Atul Khatri’s got talent

This article first appeared in The Edge Financial Daily, on November 30, 2017.
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Last Friday, ace stand-up comedian Atul Khatri performed live at Resorts World Genting. With salt and pepper hair and strong eyebrows, the former chief executive officer (CEO) of a computer business — which makes him an unlikely comedian — showcased the best of stand-up comedy from India.

Having provided a healthy dose of laughter to a receptive crowd at “The Late Night Comedy Show with Atul Khatri” at Genting International Showroom, Atul, 49, was entertaining throughout the fast-paced hour-long show.

The evening started with Double Ace, a musical duo warming up the audience with jazzy hits. Atul then went on stage to loud applause and drew laughter right off the bat when revealing how he got involved in comedy, by following his wife and two daughters to a Justin Bieber concert.

A Manchester Business School, University of Manchester alumnus, Atul not only displayed wit and top-notch comedic timing but also engaged with the audience by asking questions and poking fun at them, resulting in impromptu jokes.

Peppered with relatable stories of his work, marriage — he is a Sindhi married to a Punjabi woman — and qualms about being middle aged, it was easy to see why fans as far as Singapore, Pakistan, Bangladesh, Uganda and, of course, India came to Resorts World Genting for great laughs.

Not coy in cracking jokes on his Sindhi roots, Atul describes himself as a performer with a fresh 40-plus years old perspective on stand-up comedy.

On whether his family and friends may be embarrassed when other people laugh at their expense, Atul said: “My wife is very clear about this — as long as I bring in the money, it’s fine.”

Atul, who finds comedy a creatively lucrative trade, continued to keep the audience in a rapture with stories on life in Mumbai and the horrors of driving there.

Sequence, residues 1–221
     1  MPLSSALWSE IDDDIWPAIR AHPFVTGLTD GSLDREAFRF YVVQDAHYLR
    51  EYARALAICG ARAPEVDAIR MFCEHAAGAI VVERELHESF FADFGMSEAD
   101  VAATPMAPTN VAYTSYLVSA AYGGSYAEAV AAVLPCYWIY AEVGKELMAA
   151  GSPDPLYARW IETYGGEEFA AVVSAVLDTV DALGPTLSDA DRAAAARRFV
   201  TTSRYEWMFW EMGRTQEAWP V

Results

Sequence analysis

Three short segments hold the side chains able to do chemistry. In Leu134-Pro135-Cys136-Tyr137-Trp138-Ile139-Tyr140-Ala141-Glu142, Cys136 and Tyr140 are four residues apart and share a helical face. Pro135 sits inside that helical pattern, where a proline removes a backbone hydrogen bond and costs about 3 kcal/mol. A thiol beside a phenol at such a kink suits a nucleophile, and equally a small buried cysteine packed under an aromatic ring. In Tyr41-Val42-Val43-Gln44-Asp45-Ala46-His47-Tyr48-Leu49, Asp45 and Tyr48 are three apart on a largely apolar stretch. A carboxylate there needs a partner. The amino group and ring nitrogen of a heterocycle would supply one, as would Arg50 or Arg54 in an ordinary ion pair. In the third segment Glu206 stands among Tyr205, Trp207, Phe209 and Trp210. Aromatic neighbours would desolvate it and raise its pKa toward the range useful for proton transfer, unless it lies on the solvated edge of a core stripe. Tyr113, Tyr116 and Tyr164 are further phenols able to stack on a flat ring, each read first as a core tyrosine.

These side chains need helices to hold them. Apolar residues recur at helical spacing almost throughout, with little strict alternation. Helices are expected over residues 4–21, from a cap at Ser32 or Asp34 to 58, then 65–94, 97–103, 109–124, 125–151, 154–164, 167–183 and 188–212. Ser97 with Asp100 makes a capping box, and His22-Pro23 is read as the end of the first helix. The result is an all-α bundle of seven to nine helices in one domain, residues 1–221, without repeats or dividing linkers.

In an interview, Atul — citing his venture into comedy is a mid-life crisis of sorts — said he is still finding his voice. What is the worst thing about his job? He said: “The myth that comedians get women easily because they find funny men as sexy. Unfortunately, all the girls who come up to me after a show and tell me that I’m funny also call me ‘uncle’.”

Also a popular personality on video-sharing website YouTube, he decided to become a comedian as an alternative career in 2011, so he could tick it off his bucket list or so, he said. Before gaining prominence in stand-up comedy, he was a businessman based in Mumbai, a computer engineer and a scholar studying management in the UK.

Having started his career in comedy by posting jokes on Facebook, Atul has come a long way with over 400 comedic shows, television advertisements and YouTube videos under his belt. He has performed in some of the biggest international comedy festivals as well. In 2012, he was one of the three finalists at the Melbourne International Comedy Festival held in New Delhi, and has performed at a fundraiser event organised by the American India Foundation in San Francisco.

Recently, CNN-IBN ranked Atul as one of the top 20 comedians in India to watch out for. He has also gained recognition after competing successfully against 11 other chief executive officers (CEOs) in the CEOs Got Talent programme by Fremantle Media in 2014. At the 8th Annual Hong Kong International Comedy Festival, he made a strong showing, more so being the only Indian to have ever been invited to perform at the event.

After his show in Genting, Atul mingled with the audience members — a delightful ending for all.